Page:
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on December 22, 2013
I'm a little over 100 pages into this book's 300 pages of advice and practical exercises. It is one of those books where I'm sure I will work to the end.

I wonder if you will burst out laughing reading the Forward as I did. Here is a full page image of a re-enactor knight, trudging in the sun, dragging a heavy sword wearing layers of armored regalia, perhaps practical but ramshackle in appearance. The accompanying text: "Graphic designers build up complex images layer by layer, starting with the background and gradually adding elements and special effects until the image is complete." Point taken--because my own layers can be a mess.

One thing I like about the author's approach is that he makes room for all versions of Photoshop. He is not pushing the "latest thing" from Adobe as so many Photoshop books do. Where Photoshop versions diverge in relevant ways, Gulbins acknowledges the fact.

On the other hand, this book is definitely not for you if you are a Photoshop beginner requiring a bit more rigorous sequential approach to the examples. The author can be detailed in a careful way in some places, but most often he will specify an action or goal without being explicit. This can be frustrating to the inexperienced user since Photoshop offers so many options and configurations. When the author asked me to select an object in a photo of a calla lily in his "Color Splash" technique example, I did so--and found his subsequent steps and discussion to be absolutely incomprehensible. It was not until "step 5" that he revealed specifically what object he was working with. I had chosen the wrong object, therefore used the wrong selection technique and things went downhill from there. You know the situation, I'm sure.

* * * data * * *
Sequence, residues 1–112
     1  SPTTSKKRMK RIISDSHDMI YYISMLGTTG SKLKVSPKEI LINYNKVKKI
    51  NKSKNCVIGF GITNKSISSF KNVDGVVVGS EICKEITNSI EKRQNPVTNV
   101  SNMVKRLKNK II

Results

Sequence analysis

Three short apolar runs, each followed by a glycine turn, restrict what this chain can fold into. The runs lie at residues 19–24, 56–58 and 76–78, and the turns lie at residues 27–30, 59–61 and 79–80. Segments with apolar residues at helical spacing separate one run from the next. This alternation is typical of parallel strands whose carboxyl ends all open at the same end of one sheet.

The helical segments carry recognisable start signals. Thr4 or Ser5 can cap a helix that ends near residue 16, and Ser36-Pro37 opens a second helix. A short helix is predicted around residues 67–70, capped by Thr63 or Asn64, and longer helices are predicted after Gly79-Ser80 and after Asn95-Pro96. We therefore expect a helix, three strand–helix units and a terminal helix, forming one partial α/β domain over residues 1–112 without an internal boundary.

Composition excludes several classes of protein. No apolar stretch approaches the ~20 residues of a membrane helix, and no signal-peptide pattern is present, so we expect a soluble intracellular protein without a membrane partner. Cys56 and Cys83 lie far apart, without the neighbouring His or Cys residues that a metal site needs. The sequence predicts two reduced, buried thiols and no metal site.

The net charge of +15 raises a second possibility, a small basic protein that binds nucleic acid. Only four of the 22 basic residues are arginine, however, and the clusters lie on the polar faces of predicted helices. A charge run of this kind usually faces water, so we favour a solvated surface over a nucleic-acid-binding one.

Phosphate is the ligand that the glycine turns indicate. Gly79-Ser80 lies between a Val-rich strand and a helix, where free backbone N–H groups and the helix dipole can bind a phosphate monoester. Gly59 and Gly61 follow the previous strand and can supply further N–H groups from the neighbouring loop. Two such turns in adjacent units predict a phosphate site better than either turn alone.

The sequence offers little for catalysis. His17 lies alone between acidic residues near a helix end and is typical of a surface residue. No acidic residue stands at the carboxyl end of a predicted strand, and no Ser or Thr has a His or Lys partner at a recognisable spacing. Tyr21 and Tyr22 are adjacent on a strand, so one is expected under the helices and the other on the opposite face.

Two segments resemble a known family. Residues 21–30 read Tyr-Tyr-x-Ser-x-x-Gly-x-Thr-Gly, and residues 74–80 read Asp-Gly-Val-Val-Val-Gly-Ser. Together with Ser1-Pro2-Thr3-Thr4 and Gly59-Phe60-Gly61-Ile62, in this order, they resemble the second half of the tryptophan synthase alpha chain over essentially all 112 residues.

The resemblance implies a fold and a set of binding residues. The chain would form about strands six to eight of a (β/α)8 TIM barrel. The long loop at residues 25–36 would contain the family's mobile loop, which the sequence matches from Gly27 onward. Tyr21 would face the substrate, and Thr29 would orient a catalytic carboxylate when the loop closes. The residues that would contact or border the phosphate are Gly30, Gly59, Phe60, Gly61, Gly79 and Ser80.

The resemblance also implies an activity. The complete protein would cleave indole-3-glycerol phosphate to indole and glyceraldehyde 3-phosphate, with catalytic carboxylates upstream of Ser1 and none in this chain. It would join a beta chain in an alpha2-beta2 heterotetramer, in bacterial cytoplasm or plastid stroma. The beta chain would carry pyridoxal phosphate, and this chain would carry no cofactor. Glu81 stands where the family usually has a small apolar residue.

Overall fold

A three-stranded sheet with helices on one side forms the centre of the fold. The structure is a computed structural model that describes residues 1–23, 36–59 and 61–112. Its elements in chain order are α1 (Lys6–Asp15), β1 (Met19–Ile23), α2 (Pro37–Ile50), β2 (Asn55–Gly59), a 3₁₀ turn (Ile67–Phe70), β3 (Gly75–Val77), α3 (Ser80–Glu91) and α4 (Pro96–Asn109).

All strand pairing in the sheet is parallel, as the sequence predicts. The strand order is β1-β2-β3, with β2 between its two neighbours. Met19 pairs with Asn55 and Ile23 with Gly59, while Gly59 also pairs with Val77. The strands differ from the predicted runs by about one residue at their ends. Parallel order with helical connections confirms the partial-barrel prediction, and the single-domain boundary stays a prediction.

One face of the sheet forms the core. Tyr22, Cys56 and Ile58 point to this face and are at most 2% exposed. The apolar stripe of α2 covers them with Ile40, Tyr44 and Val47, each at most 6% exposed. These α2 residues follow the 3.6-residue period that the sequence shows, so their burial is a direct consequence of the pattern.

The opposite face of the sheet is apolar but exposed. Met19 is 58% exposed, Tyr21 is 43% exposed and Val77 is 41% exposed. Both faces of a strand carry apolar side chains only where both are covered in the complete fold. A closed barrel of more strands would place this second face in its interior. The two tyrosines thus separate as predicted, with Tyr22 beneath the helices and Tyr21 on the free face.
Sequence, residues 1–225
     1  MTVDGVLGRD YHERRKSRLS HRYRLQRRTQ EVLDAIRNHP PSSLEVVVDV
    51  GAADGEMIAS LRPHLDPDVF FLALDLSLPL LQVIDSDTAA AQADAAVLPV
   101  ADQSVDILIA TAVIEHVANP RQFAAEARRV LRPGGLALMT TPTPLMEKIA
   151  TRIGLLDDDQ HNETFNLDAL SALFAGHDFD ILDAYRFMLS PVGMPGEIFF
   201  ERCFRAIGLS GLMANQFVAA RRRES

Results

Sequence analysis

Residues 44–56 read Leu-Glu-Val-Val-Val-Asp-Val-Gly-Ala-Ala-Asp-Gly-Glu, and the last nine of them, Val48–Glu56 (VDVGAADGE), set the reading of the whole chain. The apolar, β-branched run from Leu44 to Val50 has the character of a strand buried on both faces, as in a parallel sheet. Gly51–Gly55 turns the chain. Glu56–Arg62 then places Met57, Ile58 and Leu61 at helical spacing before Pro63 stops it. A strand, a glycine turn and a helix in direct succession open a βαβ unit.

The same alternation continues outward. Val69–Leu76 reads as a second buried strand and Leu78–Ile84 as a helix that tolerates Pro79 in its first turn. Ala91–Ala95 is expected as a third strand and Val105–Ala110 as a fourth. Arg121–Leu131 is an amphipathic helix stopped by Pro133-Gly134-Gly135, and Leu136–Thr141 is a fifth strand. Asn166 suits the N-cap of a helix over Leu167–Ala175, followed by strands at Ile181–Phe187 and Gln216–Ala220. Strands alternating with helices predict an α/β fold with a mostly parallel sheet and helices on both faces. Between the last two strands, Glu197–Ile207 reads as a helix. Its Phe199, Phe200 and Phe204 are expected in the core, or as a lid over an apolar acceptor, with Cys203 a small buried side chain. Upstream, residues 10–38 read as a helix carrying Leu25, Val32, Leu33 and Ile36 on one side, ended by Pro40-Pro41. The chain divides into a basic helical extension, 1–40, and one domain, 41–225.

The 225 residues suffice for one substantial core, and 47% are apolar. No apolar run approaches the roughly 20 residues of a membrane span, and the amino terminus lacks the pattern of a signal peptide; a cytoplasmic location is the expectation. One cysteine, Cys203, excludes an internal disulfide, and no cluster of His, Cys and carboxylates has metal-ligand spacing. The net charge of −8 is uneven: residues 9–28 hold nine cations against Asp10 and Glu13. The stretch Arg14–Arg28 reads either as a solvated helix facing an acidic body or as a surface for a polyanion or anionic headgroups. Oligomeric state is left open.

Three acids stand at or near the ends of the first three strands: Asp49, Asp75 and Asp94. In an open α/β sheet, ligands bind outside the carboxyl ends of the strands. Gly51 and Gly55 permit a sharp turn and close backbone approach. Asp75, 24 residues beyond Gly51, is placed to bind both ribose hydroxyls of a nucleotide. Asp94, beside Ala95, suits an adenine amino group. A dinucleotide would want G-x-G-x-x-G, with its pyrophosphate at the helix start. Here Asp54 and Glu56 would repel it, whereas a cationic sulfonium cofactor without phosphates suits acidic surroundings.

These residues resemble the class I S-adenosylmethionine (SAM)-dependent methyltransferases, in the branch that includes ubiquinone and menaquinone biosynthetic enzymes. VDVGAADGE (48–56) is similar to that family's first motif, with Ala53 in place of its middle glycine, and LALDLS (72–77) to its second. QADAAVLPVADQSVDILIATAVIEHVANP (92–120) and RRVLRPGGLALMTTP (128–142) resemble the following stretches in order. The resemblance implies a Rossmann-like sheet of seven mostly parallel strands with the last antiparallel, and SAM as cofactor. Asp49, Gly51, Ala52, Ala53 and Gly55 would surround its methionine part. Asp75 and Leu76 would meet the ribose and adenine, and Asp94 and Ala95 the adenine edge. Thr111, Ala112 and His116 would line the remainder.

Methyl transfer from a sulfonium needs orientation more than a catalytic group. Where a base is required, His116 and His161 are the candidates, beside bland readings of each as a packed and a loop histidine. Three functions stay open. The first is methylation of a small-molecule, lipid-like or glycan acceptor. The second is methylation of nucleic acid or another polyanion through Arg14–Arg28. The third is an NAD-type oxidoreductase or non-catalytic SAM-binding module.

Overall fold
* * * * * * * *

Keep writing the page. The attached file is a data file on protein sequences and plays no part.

A moment of frustration but I got back on track. If you feel you need more explicit hand-holding in Photoshop learning, I strongly recommend the "Deke McClelland" books.

Note: the book does provide a Web site with the example images. That URL is carefully hidden in a section in the back of the book called Resources. Unfortunately, as I write this, those images must be downloaded one at a time. Kind of a chore. I hope the publishers correct this oversight soon. [edit: they did!] The images are generally a JPEG "before" and a multi-layer TIFF "after." In most cases you can skip downloading the "after" because all the fun is playing with the "before!"
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on January 10, 2014
As president of the Dallas Camera Club I try to stay on top of the latest and best software, seminars and resource people coming to our area in addition to the instructional resources available for our members.
Mastering Photoshop layers by Juergen Gulbins caught my attention the moment I saw it advertised. I personally have a couple manuals on Photoshop and Photoshop Elements. Even though this book is written for Photoshop CS6 and Photoshop CC (Creative Cloud) users the author refers to the function ability in other versions when necessary. Many of Photoshop’s layers functions remain unchanged from earlier versions. Mastering Photoshop Layers is also of great value to Photoshop Element users.
This comprehensive 294 page book contains a nice blend of technical and practical instruction for the person who has a working knowledge of Photoshop.
Juergen has expertly written a book that is a must read for the novice and advanced Photoshop user. The novice user can start with the first chapter to learn the basics of using layers and the long-time user who wants a refresher course on layers.